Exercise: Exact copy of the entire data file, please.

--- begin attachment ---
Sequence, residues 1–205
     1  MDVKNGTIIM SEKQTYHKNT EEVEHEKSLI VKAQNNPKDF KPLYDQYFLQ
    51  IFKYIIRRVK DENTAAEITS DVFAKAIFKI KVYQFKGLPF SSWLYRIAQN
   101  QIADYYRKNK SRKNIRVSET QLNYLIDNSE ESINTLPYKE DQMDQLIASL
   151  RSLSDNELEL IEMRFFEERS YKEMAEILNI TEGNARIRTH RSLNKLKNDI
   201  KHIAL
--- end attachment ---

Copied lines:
Sequence, residues 1–205
     1  MDVKNGTIIM SEKQTYHKNT EEVEHEKSLI VKAQNNPKDF KPLYDQYFLQ
    51  IFKYIIRRVK DENTAAEITS DVFAKAIFKI KVYQFKGLPF SSWLYRIAQN
   101  QIADYYRKNK SRKNIRVSET QLNYLIDNSE ESINTLPYKE DQMDQLIASL
   151  RSLSDNELEL IEMRFFEERS YKEMAEILNI TEGNARIRTH RSLNKLKNDI
   201  KHIAL